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Wall Street rebounds, all eyes on Boston

By Rodrigo Campos

NEW YORK (Reuters) - Most U.S. stocks rose on Friday, bouncing back a day after the S&P 500 closed below its 50-day moving average for the first time in 2013, but IBM's largest drop in eight years kept the Dow in slightly negative territory.

Some marquee tech names bolstered the broader market, however, and drove the Nasdaq up more than 1 percent, a day after strong earnings from Google and Microsoft.

Trading seemed to be taking place normally even as much of Boston, a major U.S. financial center and home to a number of the country's biggest mutual fund companies, was under virtual lockdown after police killed one suspect in the Boston Marathon bombing in a shootout and mounted house-to-house searches for a second man.

"We're in the John Hancock building, the tallest in Boston, and we're on complete lockdown," said David Porter, managing partner at Baystate Financial Services in Boston.

"If you weren't here by 8:30, you weren't getting in," he said.

Despite the lockdown, trading was taking place as usual.

"So far, I haven't seen anything like lower volume because of this," Porter added. "There's nothing we're unable to do because of this, except go outside."

Meanwhile, on Wall Street, markets partially recovered from the S&P 500's 3 percent drop over the previous four sessions, which set it on track to post its worst week since November.

International Business Machines (IBM.N) shares led the Dow's decline a day after the technology services company posted an earnings miss, while less-than-stellar numbers on Friday from General Electric (GE.N) and McDonald's (MCD.N) weighed further on the blue chips.

The Dow Jones industrial average (.DJI) fell 16.28 points or 0.11 percent, to 14,520.86. But the S&P 500 (.SPX) gained 11.34 points or 0.74 percent, to 1,552.95 and the Nasdaq Composite (.IXIC) added 40.21 points or 1.27 percent, to 3,206.58.

The S&P 500's close below the 50-day moving average on Thursday indicates the medium-term uptrend in the market could be in peril. The last time the index closed consecutive days under its 50-day average came in early December.

IBM posted quarterly earnings that missed estimates due to the Japanese yen's depreciation and a failure to close major deals, especially in Europe and the United States. IBM's stock was down 7 percent to $192.64, its largest daily percentage drop since April 15, 2005.

GE shares fell 3.8 percent to $21.82 after the conglomerate reported a quarterly profit in line with expectations as GE sold more jet engines and shed its stake in NBC Universal. The stock topped the New York Stock Exchange's list of most actively traded names by volume at midday on Friday.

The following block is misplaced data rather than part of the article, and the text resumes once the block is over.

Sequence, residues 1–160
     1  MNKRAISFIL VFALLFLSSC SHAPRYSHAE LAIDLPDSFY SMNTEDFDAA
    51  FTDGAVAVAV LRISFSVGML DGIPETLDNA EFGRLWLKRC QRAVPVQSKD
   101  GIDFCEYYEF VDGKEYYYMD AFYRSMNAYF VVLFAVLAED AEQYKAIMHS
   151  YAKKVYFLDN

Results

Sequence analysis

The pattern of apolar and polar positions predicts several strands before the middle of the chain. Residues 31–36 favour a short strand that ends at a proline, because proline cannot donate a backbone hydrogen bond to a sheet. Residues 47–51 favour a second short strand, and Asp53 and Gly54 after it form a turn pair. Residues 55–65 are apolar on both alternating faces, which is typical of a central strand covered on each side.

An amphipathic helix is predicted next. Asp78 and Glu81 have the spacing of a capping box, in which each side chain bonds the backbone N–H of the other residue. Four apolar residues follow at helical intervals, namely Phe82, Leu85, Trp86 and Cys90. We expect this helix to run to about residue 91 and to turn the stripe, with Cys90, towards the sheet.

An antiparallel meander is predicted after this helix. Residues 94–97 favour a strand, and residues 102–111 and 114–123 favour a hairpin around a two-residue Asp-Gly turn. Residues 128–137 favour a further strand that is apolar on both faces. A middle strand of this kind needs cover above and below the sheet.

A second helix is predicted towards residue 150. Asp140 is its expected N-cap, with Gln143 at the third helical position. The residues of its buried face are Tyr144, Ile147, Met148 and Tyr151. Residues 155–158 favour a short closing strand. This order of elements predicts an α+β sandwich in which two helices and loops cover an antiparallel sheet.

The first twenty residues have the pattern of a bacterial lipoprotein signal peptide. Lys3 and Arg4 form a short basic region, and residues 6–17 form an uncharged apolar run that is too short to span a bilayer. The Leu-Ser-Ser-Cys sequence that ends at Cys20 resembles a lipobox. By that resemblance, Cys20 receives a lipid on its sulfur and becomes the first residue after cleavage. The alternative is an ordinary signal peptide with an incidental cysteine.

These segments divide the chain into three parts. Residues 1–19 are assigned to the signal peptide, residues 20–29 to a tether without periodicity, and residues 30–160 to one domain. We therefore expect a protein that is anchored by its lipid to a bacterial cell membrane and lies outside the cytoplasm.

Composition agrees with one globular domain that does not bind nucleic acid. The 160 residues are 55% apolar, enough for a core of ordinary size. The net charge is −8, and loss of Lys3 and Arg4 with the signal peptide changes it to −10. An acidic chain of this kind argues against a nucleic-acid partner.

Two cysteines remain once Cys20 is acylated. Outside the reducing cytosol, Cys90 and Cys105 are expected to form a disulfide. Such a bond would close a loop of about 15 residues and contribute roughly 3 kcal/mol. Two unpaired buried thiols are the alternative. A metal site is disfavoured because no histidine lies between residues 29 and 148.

McDonald's stock lost 1.8 percent to $100.03 after the world's biggest fast-food chain reported a first-quarter profit that fell short of Wall Street's expectations and said sales at established U.S. restaurants fell 1.2 percent.

In the tech sector, some big names gave some investors a reason to buy equities.

Google's (GOOG.O) stock shot up 2.9 percent to $787.97 and helped lift the broader market a day after the company released results. Google said late Thursday that its core Internet business increased net revenue 23 percent in the first quarter, softening the effect of a sharp decline in its Motorola mobile phone division.[ID:nL2N0D52MJ] At least six brokerage firms have raised their target on Google's stock price.

Shares of Microsoft (MSFT.) jumped 3.3 percent to $29.73 and topped the Nasdaq's most-active list a day after the company reported quarterly revenue and earnings that exceeded Wall Street's expectations. Microsoft also said late Thursday that Chief Financial Officer Peter Klein is leaving at the end of June, after 3-1/2 years in the job as the world's largest software maker struggles with sliding personal computer sales and a tepid reception for its new Windows 8 operating system.

Another bright spot came from Vertex Pharmaceuticals (VRTX.O), which said Thursday that an experimental drug improved lung function in adults with cystic fibrosis in a midstage trial. Its shares surged nearly 59 percent to $83.85.

(Reporting by Rodrigo Campos and Ryan Vlastelica; Editing by Kenneth Barry, Nick Zieminski and Jan Paschal)

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